To analyze what makes some stocks cheap and other expensive, Cramer looked at an important metric called the PEG ratio. As an example, he compared two stocks in the same industry: Green Plains Renewable Energy and EOG Resources.
Green Plains is a $10 stock while EOG trades at around $97 a share. Share price doesn’t matter, though. Cramer cares more about the price-to-earnings multiple, which shows how much investors are paying for a company’s earnings-per-share. By this measure, Green Plains looks cheap, selling at just 6.3 times earnings while EOG sells for 22 times earnings. Yet this, too, is the wrong way to determine which is the least expensive stock.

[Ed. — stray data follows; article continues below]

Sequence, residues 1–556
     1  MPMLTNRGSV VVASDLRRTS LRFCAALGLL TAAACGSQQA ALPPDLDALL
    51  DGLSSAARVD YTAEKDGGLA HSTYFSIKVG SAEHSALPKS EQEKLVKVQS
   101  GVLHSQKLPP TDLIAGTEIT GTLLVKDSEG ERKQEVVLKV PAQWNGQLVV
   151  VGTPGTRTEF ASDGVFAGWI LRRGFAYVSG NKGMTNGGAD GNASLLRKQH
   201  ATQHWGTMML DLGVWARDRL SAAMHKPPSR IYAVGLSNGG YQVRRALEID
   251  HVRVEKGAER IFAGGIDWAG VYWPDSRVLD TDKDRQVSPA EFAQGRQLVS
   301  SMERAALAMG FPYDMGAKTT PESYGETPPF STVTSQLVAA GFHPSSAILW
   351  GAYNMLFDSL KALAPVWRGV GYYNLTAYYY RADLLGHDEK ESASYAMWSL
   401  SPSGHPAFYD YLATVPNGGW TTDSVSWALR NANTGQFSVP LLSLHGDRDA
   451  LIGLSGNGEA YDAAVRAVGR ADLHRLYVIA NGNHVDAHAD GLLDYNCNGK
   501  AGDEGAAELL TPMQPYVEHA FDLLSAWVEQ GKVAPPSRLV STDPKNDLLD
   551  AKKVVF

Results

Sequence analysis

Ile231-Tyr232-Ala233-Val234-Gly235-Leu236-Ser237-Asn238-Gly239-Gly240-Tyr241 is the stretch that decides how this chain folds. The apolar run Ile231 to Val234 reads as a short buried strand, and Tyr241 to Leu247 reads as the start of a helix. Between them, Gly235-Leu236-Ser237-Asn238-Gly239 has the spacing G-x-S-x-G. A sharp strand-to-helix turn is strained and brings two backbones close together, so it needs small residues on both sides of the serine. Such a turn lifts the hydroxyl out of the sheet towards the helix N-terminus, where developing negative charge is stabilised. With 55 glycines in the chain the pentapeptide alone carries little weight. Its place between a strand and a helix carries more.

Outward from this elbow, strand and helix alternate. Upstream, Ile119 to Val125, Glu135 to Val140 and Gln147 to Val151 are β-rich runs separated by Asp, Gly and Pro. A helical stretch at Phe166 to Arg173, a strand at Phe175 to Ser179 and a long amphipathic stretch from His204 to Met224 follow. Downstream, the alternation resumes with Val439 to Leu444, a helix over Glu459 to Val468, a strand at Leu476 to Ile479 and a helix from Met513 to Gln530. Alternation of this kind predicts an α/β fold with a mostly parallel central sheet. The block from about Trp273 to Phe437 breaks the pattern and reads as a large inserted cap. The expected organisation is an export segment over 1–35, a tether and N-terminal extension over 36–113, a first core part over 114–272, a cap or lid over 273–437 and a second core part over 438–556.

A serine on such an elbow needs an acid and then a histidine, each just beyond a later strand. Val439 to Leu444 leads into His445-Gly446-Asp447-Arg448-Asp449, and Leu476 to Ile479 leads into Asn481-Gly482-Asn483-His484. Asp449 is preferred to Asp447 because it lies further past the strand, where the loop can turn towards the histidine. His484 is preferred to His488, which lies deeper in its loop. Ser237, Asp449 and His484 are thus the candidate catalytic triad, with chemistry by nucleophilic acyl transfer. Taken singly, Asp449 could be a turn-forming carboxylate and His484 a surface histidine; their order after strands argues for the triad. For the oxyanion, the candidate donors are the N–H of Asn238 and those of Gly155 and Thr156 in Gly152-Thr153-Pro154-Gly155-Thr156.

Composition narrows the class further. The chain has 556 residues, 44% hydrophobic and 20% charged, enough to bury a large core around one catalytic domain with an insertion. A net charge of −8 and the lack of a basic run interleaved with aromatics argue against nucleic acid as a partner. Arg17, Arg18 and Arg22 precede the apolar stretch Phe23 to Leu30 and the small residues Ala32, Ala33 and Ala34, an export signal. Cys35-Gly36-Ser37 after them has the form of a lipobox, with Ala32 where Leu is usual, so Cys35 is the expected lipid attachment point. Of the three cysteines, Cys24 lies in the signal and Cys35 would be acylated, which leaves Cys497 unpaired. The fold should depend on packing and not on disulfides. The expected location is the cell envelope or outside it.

Investors need to take the growth rates into account because growth determines how big a company's earnings will be going forward in what’s called the “outyears.” This is where the PEG ratio comes in – the P/E multiple divided by the growth rate. Green Plains has a 6.5 percent long-term growth rate for a PEG ratio of one. EOG has a 69 percent long-term growth rate, which gives it a PEG of just 0.3. Certainly, EOG is much cheaper than Green Plains. To Cramer, EOG is a buy, buy, buy.